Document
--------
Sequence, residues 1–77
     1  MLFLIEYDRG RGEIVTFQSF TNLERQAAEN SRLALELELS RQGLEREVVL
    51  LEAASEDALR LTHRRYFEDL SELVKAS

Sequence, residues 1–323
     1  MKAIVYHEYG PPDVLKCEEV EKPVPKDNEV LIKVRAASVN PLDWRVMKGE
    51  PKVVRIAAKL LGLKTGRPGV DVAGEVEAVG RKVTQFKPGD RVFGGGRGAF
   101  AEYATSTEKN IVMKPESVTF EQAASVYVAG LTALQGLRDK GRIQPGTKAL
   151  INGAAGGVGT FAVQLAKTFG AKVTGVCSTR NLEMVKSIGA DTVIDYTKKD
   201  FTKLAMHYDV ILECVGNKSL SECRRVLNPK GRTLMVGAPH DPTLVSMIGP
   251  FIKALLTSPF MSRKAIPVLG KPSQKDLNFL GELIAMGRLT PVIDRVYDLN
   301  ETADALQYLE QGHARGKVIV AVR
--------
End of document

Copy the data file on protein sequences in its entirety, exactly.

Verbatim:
Sequence, residues 1–77
     1  MLFLIEYDRG RGEIVTFQSF TNLERQAAEN SRLALELELS RQGLEREVVL
    51  LEAASEDALR LTHRRYFEDL SELVKAS

Sequence, residues 1–323
     1  MKAIVYHEYG PPDVLKCEEV EKPVPKDNEV LIKVRAASVN PLDWRVMKGE
    51  PKVVRIAAKL LGLKTGRPGV DVAGEVEAVG RKVTQFKPGD RVFGGGRGAF
   101  AEYATSTEKN IVMKPESVTF EQAASVYVAG LTALQGLRDK GRIQPGTKAL
   151  INGAAGGVGT FAVQLAKTFG AKVTGVCSTR NLEMVKSIGA DTVIDYTKKD
   201  FTKLAMHYDV ILECVGNKSL SECRRVLNPK GRTLMVGAPH DPTLVSMIGP
   251  FIKALLTSPF MSRKAIPVLG KPSQKDLNFL GELIAMGRLT PVIDRVYDLN
   301  ETADALQYLE QGHARGKVIV AVR